By Bridget McCrea
Good employees are getting harder to come by these days, thanks to a recovering economy and manufacturing firms’ seemingly insatiable need for skilled laborers. “The labor market in the Northeast is even tighter than it is elsewhere in the U.S.,” points out Paul Heidt, engineering manager at Garden State Precast in Farmingdale, N.J. “There’s less competition for jobs and not quite as many candidates out there.”
The fact that the economy is in recovery mode is a double-edged sword for precasters. The onslaught of new projects is more than welcome, of course, but staffing up has gotten somewhat more difficult in 2014. No longer compelled to hang onto their jobs for fear of not being able to replace their incomes, employees have more options and are readily exploring them.
That exploration puts pressure on firms like Garden State Precast, which is “struggling to retain employees at a reasonable pay rate,” says Heidt, “because there just aren’t as many people available to fill the jobs.” Much like the law of supply and demand pushes prices up when products are scarce, fewer candidates in the pool translate into higher wages.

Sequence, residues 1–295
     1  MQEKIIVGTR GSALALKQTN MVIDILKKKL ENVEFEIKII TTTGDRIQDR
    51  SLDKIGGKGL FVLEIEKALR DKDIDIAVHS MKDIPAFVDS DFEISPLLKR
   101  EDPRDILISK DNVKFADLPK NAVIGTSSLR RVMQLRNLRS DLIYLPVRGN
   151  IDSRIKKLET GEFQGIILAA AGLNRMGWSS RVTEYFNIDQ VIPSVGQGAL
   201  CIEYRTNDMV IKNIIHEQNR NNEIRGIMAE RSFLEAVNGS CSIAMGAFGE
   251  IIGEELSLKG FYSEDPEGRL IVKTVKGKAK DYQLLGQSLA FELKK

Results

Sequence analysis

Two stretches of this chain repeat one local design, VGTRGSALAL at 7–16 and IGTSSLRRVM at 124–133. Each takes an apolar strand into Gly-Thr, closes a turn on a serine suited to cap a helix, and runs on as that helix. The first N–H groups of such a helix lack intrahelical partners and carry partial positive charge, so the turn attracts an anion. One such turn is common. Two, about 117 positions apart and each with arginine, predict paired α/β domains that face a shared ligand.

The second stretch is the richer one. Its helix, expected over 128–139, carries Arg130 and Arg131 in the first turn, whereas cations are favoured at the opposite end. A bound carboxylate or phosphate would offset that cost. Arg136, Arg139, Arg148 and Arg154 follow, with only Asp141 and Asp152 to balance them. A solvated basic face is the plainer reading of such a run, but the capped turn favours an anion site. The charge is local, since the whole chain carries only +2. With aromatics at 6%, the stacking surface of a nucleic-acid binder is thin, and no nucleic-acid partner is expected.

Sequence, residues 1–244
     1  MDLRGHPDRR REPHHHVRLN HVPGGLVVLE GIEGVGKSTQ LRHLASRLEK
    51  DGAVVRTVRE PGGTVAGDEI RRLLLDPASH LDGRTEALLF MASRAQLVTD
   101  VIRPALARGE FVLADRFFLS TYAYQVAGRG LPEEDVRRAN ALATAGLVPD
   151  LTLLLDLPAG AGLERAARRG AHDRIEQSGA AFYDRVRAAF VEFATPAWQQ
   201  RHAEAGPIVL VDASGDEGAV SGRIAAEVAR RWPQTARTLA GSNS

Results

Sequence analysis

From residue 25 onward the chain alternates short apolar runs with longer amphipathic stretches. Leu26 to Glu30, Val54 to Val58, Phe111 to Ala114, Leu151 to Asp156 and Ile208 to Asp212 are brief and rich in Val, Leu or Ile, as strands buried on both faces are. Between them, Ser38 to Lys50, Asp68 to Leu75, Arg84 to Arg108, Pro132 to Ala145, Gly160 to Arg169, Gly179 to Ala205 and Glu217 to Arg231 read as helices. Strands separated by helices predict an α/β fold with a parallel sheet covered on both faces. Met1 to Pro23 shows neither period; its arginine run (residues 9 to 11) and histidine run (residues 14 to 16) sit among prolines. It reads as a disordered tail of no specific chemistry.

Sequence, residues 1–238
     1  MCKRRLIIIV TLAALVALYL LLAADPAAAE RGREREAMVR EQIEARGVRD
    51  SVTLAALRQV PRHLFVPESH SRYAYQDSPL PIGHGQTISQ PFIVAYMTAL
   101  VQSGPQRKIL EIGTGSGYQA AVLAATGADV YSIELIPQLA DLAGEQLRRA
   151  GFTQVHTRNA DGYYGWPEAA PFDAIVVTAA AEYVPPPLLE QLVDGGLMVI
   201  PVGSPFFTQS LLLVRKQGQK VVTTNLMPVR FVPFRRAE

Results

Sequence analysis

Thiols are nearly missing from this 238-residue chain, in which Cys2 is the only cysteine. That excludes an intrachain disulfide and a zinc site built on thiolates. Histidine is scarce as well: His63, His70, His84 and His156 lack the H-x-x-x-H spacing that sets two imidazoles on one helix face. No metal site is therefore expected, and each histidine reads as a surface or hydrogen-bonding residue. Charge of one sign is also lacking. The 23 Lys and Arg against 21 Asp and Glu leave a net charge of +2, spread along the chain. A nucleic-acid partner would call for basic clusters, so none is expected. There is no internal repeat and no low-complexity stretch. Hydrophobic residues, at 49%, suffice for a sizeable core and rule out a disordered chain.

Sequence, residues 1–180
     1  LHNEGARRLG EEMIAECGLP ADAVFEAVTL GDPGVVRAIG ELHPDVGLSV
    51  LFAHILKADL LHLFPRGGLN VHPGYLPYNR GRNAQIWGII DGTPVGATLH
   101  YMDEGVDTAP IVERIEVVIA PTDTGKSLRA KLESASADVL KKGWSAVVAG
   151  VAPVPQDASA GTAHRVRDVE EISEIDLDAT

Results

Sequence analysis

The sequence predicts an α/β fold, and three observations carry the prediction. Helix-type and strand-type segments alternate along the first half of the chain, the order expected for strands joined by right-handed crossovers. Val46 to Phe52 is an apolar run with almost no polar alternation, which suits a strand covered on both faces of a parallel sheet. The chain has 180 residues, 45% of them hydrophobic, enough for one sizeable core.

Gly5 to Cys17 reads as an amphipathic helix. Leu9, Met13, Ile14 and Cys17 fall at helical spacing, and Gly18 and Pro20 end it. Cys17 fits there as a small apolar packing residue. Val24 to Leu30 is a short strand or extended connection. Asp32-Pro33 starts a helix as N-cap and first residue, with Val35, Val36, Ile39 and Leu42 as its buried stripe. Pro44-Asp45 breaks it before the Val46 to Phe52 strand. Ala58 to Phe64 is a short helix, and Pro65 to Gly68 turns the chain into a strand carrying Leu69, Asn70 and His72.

Also challenging precasters right now is the fact that no matter how much training and nurturing a company offers, employees could jump ship if presented with a better offer. “You spend a lot of time training and then he or she promptly goes out and gets another job,” says Heidt, whose company focuses on creating a corporate culture around employee retention. “You have to make it so that they want to come back, instead of going somewhere else.”